NEW DELHI: Self-reliance in nanotechnology can help India become self-reliant in sectors like defence and in combating terrorism, according to researchers at the Indian Institute of Science in Bangalore.
From water purification to manufacturing to wrinkle-free fabrics to curing cancer, nano technology holds great potential for India and a multi-pronged approach will ensure that this is fully leveraged, they said.
One possible means of bridging the gap between India's abundant, varied natural resources and her ever-increasing requirements like clean water, food and rapid, low-cost diagnostic machinery is the use of nanotechnology, say Arindam Ghosh and Yamuna Krishnan in the international journal Nature Nanotechnology.
Nanotechnology is manipulation of matter on a scale of nanometre or 0.000000001 m. Since the dimensions of atoms and molecule are in nanometres, this technology is called nanotechnology and the resulting materials nanomaterials.
Although India promoted research in nanotechnology through the "NanoScience and Technology Initiative", started with a funding of Rs 60 crore, the country launched a five-year programme 'Nano Mission' with wider objectives and larger funding of USD 250 million spanning multiple areas like basic research in nanotechnology, human resources development, infrastructure development and international collaboration, there is lot of room for improvement, the researchers quoted by Gubbi Labs say.
But, the research says that the amount India spends on nanotechnology research is still just a fraction of the research spending of countries like Japan, the US, France and China.
Only 16 papers from India appeared in the top 1 per cent of the publications in 2011. Also, the number of patents applied from India to the US patent office contributes to only 0.2 per cent of the total applications, they say.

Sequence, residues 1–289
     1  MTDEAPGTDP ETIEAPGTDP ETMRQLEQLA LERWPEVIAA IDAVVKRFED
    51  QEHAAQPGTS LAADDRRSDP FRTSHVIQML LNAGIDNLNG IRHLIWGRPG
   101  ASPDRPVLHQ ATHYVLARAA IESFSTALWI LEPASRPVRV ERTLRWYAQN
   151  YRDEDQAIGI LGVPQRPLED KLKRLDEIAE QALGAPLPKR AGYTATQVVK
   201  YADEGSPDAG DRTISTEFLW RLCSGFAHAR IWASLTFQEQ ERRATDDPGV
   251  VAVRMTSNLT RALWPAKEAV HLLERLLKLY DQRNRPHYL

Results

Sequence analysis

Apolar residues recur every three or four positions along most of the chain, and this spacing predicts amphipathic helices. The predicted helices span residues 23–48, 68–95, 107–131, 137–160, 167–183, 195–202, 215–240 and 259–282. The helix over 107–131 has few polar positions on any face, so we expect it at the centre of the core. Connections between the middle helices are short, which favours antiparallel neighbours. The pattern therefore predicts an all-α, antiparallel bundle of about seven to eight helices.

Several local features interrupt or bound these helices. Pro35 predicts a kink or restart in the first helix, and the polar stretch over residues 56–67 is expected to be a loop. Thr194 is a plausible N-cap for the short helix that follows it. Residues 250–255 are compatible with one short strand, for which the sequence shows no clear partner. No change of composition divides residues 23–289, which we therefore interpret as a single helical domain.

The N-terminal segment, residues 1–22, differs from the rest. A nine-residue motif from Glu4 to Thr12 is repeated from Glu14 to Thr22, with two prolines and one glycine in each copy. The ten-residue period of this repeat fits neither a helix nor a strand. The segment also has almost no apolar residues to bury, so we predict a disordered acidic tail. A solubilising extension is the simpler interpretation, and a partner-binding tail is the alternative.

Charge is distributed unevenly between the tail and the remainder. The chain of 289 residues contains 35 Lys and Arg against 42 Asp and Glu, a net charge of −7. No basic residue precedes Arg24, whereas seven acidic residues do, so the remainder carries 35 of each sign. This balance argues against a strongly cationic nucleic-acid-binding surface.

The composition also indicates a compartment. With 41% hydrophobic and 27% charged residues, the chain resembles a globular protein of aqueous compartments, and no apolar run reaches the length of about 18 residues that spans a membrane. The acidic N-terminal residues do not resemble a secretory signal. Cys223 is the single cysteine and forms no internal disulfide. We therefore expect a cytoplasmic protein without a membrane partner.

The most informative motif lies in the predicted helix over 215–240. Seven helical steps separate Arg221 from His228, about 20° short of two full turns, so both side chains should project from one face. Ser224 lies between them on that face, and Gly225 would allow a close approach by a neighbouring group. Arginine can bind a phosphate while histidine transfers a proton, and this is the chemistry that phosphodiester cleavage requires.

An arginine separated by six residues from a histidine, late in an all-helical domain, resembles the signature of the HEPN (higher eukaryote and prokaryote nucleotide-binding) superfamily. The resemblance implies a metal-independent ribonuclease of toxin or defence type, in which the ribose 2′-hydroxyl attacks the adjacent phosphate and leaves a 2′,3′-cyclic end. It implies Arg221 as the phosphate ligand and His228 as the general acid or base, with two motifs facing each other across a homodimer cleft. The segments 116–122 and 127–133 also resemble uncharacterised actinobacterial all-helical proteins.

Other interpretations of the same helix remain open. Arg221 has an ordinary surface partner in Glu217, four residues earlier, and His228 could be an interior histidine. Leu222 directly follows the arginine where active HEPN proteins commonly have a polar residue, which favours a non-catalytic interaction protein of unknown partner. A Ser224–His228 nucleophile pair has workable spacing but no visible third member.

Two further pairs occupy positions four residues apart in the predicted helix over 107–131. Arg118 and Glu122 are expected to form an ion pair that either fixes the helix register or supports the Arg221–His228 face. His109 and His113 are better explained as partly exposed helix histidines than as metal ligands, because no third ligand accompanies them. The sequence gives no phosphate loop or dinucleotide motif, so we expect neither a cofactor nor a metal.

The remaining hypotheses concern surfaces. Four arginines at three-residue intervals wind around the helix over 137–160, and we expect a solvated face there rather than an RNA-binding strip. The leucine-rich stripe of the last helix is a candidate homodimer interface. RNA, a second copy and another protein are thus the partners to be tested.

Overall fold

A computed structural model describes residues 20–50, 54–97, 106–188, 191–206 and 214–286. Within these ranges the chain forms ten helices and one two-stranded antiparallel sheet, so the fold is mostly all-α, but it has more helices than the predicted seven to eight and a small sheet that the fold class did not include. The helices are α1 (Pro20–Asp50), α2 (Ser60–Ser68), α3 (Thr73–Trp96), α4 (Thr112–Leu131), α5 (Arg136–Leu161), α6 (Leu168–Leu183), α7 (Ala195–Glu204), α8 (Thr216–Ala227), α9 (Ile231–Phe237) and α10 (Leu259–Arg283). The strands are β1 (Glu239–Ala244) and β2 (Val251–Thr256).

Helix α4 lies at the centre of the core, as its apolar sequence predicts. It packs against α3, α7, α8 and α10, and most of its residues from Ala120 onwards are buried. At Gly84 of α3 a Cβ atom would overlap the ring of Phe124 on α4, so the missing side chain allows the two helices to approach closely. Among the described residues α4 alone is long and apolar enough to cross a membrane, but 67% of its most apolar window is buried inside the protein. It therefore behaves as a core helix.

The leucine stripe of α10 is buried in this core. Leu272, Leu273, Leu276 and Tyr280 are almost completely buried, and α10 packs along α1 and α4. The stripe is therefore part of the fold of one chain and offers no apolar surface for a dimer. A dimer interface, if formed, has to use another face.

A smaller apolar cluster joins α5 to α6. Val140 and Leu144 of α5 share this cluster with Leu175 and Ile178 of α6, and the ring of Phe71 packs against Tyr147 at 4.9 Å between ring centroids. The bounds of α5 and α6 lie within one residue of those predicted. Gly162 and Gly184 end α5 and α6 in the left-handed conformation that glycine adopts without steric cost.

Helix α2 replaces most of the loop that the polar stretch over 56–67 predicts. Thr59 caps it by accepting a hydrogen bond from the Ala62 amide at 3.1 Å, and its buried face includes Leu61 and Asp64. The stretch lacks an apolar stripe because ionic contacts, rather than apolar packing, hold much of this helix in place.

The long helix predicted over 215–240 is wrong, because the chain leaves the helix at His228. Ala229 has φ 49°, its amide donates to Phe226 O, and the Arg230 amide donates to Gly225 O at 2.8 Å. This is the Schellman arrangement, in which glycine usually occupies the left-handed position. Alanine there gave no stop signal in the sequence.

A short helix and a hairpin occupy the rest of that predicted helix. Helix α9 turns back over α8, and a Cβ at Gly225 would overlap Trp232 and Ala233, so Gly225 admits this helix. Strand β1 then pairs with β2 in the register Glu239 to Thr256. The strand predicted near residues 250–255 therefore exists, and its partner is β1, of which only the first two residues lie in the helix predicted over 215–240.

The researchers say that "though people look at nanoscience and technology very positively, the number of students following undergraduate and graduate degrees in the area is low and career prospects still extremely limited."
The number of PhDs awarded in nanoscience and technology is about 150 per year; a "very small number" compared to the target of producing 10,000 PhD students annually over the next decade articulated by the Ministry of Human Resource Development.
Research from academic institutions has indicated how much impact nanotechnology can have on needs of Indian market, they said.
A team from IIT Madras has used nanotechnology for arsenic decontamination of water. Another team from IIT Delhi has come up with a water-based self-cleaning technology for use in textile industry.
However, the efforts in the direction have paid off well, they said.
India published over 23,000 papers in nanoscience in the past 5 years. In 2013, India ranked third in the number of papers published, behind only China and the US.
There have been 300 patent applications in the Indian Patent Office in 2013, 10 times that of 2006.